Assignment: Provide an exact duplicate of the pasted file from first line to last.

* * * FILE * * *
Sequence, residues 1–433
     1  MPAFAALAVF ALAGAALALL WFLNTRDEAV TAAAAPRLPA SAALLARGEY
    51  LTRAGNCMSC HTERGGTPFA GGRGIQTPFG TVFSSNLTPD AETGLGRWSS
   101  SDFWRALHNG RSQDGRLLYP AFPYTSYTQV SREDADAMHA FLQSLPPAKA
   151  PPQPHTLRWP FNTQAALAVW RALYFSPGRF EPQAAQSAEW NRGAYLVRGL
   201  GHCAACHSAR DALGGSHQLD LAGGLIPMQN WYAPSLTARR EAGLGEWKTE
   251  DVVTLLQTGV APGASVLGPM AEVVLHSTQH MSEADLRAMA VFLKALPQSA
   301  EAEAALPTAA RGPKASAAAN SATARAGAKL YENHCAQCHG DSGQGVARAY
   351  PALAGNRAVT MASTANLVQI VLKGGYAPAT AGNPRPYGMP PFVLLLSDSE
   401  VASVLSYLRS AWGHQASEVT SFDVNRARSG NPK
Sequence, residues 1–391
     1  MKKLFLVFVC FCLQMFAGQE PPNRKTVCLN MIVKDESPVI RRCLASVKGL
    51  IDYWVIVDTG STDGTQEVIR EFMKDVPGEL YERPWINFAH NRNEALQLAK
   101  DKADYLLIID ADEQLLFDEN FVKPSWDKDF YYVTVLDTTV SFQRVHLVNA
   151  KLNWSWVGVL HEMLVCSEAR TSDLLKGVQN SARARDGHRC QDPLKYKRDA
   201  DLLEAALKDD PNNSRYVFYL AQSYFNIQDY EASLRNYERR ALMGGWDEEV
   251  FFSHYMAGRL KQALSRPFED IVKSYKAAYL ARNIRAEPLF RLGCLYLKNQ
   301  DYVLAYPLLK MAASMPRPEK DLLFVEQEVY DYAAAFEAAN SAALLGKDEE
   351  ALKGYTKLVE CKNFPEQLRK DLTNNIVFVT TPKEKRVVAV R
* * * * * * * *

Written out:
Sequence, residues 1–433
     1  MPAFAALAVF ALAGAALALL WFLNTRDEAV TAAAAPRLPA SAALLARGEY
    51  LTRAGNCMSC HTERGGTPFA GGRGIQTPFG TVFSSNLTPD AETGLGRWSS
   101  SDFWRALHNG RSQDGRLLYP AFPYTSYTQV SREDADAMHA FLQSLPPAKA
   151  PPQPHTLRWP FNTQAALAVW RALYFSPGRF EPQAAQSAEW NRGAYLVRGL
   201  GHCAACHSAR DALGGSHQLD LAGGLIPMQN WYAPSLTARR EAGLGEWKTE
   251  DVVTLLQTGV APGASVLGPM AEVVLHSTQH MSEADLRAMA VFLKALPQSA
   301  EAEAALPTAA RGPKASAAAN SATARAGAKL YENHCAQCHG DSGQGVARAY
   351  PALAGNRAVT MASTANLVQI VLKGGYAPAT AGNPRPYGMP PFVLLLSDSE
   401  VASVLSYLRS AWGHQASEVT SFDVNRARSG NPK
Sequence, residues 1–391
     1  MKKLFLVFVC FCLQMFAGQE PPNRKTVCLN MIVKDESPVI RRCLASVKGL
    51  IDYWVIVDTG STDGTQEVIR EFMKDVPGEL YERPWINFAH NRNEALQLAK
   101  DKADYLLIID ADEQLLFDEN FVKPSWDKDF YYVTVLDTTV SFQRVHLVNA
   151  KLNWSWVGVL HEMLVCSEAR TSDLLKGVQN SARARDGHRC QDPLKYKRDA
   201  DLLEAALKDD PNNSRYVFYL AQSYFNIQDY EASLRNYERR ALMGGWDEEV
   251  FFSHYMAGRL KQALSRPFED IVKSYKAAYL ARNIRAEPLF RLGCLYLKNQ
   301  DYVLAYPLLK MAASMPRPEK DLLFVEQEVY DYAAAFEAAN SAALLGKDEE
   351  ALKGYTKLVE CKNFPEQLRK DLTNNIVFVT TPKEKRVVAV R